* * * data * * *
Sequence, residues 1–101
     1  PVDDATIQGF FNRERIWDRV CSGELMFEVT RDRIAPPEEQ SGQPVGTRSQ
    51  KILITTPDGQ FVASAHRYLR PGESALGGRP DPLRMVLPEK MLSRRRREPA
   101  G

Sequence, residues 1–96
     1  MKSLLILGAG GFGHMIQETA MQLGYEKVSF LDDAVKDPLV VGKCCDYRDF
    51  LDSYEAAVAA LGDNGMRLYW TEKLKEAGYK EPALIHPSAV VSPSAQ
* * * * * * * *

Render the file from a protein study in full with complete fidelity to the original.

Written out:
Sequence, residues 1–101
     1  PVDDATIQGF FNRERIWDRV CSGELMFEVT RDRIAPPEEQ SGQPVGTRSQ
    51  KILITTPDGQ FVASAHRYLR PGESALGGRP DPLRMVLPEK MLSRRRREPA
   101  G

Sequence, residues 1–96
     1  MKSLLILGAG GFGHMIQETA MQLGYEKVSF LDDAVKDPLV VGKCCDYRDF
    51  LDSYEAAVAA LGDNGMRLYW TEKLKEAGYK EPALIHPSAV VSPSAQ